Artist: Kristi Jensen
Exhibition: Fuse (joining to form a single entity)
Media: Steel, brass, and copper
Gallery: CSULB School of Art, Gatov Gallery East
This week, I spoke with Kristi Jensen. Kristi is an artist in her thirties who decided to return to school to pursue her passion for metalworking. She is currently attending CSULB and working on a metalworking major in the art department. At first, Kristi began with a sculpture major. She continued down this road for a couple of months, but realized she would rather create compared to doing something conceptual. In total, Kristi has been working with metal for about two years. It was impressive to find that her pieces only take generally about three weeks. I was astounded by this since the sheer complexity alone is astonishing.
When it comes to Kristi’s work, the best words I can find to describe it are a mixture between Celtic, Abstract, and Egyptian. In their entirety, the pieces themselves include many gently curved lines. Also, there are others that are larger blocks of solid metal. The colors tended to be a flat brass, or a metallic silver for the most part. As a whole, I thought Kristi’s work was stupendous. It gave me a feeling that could be described as looking at a piece that was not made here. I thought jewelry/sculptures she was creating had a lot of depth, and can definitely be potent enough to have their own exhibit in a famous gallery.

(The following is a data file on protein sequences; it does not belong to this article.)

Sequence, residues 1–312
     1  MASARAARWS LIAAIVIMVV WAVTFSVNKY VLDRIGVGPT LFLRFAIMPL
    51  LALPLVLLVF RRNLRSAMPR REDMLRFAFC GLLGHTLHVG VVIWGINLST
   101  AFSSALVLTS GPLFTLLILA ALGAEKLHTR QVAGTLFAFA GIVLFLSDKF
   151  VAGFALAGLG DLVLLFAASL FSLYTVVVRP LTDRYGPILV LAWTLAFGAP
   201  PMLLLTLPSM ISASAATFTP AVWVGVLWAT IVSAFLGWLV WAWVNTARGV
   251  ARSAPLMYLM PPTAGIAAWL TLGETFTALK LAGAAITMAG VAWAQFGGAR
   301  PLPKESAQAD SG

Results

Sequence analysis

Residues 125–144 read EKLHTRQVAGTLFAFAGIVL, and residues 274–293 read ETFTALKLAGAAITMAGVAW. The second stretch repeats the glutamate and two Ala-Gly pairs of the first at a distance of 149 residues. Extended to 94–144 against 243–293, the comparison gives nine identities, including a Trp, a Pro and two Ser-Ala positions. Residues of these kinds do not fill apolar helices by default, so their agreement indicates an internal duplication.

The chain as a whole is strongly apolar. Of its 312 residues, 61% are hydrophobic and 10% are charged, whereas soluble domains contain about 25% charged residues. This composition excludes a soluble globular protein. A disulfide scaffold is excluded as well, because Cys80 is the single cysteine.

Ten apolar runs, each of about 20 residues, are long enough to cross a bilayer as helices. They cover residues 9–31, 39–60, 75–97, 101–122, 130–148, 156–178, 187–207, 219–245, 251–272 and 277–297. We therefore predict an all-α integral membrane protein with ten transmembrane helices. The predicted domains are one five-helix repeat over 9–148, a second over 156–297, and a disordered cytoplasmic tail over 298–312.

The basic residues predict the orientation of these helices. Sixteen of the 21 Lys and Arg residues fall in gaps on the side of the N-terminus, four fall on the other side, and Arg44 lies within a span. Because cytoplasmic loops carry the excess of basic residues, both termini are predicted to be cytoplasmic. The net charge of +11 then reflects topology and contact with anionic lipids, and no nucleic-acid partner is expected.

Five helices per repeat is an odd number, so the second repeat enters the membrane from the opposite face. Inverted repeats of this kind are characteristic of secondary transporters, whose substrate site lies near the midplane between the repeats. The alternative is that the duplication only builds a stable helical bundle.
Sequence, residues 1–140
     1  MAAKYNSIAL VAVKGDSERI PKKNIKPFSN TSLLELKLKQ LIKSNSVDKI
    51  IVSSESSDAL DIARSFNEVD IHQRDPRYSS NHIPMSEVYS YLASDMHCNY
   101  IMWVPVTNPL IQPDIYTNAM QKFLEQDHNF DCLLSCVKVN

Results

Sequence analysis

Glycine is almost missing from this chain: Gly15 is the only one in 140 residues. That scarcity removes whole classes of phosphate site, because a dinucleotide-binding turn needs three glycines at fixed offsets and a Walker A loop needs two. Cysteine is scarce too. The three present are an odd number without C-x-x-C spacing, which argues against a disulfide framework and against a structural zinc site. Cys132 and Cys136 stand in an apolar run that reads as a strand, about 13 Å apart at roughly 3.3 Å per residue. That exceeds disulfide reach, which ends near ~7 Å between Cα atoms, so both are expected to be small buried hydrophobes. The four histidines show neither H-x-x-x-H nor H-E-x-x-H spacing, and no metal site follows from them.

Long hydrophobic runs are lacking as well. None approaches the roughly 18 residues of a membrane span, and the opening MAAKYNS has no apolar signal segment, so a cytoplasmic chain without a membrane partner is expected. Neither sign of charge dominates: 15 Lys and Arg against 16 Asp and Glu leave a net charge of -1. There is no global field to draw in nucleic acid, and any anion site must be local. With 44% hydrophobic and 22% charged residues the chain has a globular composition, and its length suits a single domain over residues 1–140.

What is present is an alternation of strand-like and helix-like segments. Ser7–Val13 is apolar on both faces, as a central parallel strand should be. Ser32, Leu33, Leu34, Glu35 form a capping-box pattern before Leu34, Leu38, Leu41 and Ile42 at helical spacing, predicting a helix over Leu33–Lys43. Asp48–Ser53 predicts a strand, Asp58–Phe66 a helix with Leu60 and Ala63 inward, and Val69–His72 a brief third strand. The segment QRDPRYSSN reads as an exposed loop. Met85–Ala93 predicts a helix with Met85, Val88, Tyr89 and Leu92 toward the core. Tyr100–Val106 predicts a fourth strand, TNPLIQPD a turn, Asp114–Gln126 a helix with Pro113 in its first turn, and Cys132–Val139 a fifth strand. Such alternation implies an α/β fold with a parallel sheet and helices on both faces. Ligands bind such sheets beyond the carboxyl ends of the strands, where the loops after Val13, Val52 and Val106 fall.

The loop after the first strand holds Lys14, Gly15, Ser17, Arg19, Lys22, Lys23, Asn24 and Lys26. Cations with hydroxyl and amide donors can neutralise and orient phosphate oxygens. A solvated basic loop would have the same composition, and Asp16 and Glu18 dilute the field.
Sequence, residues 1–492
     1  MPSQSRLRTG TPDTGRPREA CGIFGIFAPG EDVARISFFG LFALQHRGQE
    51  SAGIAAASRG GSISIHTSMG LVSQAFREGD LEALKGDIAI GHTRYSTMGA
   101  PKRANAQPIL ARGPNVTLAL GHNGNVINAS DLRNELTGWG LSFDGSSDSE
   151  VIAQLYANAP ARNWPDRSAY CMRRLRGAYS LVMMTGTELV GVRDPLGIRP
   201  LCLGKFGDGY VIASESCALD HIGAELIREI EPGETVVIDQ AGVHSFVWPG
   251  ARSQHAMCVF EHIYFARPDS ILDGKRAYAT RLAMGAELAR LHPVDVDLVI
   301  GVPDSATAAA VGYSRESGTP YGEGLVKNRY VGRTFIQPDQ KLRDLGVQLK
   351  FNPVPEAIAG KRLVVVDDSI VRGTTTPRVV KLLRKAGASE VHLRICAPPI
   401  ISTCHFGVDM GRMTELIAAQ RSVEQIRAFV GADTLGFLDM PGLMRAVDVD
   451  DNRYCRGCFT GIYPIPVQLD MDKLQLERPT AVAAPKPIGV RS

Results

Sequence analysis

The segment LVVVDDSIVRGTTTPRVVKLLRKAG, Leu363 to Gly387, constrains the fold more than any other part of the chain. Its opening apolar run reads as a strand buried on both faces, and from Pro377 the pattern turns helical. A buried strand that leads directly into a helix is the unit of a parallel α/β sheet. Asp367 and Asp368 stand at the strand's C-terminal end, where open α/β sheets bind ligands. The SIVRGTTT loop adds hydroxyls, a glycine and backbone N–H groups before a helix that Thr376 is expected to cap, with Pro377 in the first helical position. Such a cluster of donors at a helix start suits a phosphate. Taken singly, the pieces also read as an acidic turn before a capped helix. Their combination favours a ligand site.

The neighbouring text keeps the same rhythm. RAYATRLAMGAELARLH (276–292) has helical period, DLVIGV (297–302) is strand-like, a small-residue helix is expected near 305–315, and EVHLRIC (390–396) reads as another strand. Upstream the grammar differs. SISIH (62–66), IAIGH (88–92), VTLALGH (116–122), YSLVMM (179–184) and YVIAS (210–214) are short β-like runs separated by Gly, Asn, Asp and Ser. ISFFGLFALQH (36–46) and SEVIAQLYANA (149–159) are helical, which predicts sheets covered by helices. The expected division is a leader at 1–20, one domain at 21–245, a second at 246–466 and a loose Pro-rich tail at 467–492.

Speaking with Kristi allowed me to grasp a more in-depth understanding of where the thoughts were emitted from pertaining to the pieces she had constructed. Kristi spoke a lot about the concept of creation when making any sort of art. She said that it was important to be able to visualize and conceptualize your work without any boundaries. I personally did get her drift relating to the idea of not having set boundaries, but at the same time was a tad confused by some pieces. All in all, a fair amount of the work displayed had no physical limit to what it was exploring. Its nice to see art that has no boundary nowadays.
As a whole, this gallery was a lot of fun to visit. It really captured this image of ancient metalwork with a postmodern feel. I thoroughly enjoyed the lighting and color of most of the pieces in the Exhibition. Though it was on a smaller scale, it felt like I had entered an exhibit at a large museum. I believe it may have had to do with the majesty of the pieces. Once leaving, I was left with a feeling of kindness and energy. I think this feeling primarily resonated from the art that had this almost brass or rustic hue. Ever since I was young, I have always liked how something rusted looked. The sheer depth of the color is normally what does it for me.